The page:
Marriott International is set to expand its footprint in
Latin America and the Caribbean via an agreed-upon $100 million acquisition of
Hoteles City Express. The deal not only will add the 31st brand to
the company’s portfolio, it also will make Marriott International the largest hotel
company in Latin America and the Caribbean. The agreement, which includes more
than 17,000 guest rooms in 152 hotels and 75 cities across Mexico, Chile,
Columbia and Costa Rica, is expected to close in the first half of 2023 pending
The move marks Marriott’s entry into the “popular affordable
midscale segment,” to put it in the words of Marriott International CEO Anthony
Capuano, who spearheaded the acquisition. It’s a market that has done extremely
well in the business travel space in the United States, particularly since essential
business travel like infrastructure teams, engineers and client service groups
recovered travel faster than white-collar executives. That said, the City
Express portfolio offers several brand extensions, including City Express, City
Express Plus, City Express Suites, City Express Junio and City Centro that play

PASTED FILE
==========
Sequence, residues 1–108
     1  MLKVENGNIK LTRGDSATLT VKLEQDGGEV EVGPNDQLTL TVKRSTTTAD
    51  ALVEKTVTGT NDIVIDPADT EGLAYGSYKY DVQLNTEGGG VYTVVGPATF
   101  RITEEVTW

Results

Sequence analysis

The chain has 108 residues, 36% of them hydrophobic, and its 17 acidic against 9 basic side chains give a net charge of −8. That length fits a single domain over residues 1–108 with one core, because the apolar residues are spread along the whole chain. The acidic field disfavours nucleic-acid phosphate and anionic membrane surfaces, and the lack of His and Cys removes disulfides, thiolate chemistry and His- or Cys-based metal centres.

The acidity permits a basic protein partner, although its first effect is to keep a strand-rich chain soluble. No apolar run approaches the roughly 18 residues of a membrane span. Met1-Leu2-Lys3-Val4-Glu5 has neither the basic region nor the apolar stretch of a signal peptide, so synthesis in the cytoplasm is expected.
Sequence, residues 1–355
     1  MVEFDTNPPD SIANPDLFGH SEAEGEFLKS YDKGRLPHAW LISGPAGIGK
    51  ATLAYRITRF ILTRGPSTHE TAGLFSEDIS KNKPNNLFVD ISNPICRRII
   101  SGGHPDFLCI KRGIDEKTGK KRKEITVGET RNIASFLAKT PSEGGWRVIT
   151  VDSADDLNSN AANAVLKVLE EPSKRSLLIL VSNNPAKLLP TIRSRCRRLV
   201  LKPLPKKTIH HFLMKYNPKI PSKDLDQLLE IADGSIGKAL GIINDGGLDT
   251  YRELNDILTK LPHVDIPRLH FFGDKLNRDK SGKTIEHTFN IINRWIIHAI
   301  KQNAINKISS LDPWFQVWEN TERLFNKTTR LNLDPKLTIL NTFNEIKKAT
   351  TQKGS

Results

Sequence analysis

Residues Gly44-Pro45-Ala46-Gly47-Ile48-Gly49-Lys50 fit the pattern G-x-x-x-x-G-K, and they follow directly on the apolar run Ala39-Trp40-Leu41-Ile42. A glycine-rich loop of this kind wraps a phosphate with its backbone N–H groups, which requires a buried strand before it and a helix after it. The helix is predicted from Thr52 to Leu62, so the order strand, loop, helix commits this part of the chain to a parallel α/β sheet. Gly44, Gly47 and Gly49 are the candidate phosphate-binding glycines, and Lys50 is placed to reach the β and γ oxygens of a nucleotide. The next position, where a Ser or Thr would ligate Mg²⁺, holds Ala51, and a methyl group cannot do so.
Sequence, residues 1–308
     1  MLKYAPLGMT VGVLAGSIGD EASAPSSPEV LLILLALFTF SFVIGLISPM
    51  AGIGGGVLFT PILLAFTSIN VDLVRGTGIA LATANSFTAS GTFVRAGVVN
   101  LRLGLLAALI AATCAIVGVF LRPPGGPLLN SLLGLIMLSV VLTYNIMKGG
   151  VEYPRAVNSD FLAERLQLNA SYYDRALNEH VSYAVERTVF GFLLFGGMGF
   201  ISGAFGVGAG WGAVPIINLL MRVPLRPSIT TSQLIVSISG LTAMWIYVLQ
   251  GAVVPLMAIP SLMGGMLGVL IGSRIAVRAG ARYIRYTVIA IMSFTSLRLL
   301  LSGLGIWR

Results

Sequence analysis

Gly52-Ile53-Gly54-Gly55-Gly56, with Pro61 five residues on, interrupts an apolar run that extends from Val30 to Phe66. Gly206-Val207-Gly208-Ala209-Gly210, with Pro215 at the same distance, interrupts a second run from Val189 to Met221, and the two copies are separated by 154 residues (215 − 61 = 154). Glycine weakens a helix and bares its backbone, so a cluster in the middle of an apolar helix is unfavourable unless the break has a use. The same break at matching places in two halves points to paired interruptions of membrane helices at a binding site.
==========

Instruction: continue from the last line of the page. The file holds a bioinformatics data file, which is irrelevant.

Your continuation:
squarely in the business travel segment. The transaction will increase
Marriott’s presence in the region by 45 percent.
The Hoteles City Express agreement wasn’t the only move by
Capuano to make headlines in the business travel sector this year. The company often
has been bold about getting in front of the request-for-proposals season, when
it comes to rate increase predictions. Capuano spoke openly about significant rate
increases for corporate clients in 2023.
As early as August, he estimated in the company’s
second-quarter earnings call that corporate rate percent increases would hit
the “high single digits.” It was the first shot across the bow for corporate
buyers and seemed to set expectations for the upcoming negotiation season,
which by many accounts was a delayed process this year as corporates got what program
data they had in order for a year in which hotels would no longer extend
previous deals—and, in fact, would look to recoup pandemic losses.
In a BTN survey of business travel buyers fielded 6 weeks
after Capuano’s initial corporate rate musings, 87 percent of buyers expected
rate increases for 2023. More than 45 percent expected rate increases between 5
percent and 10 percent.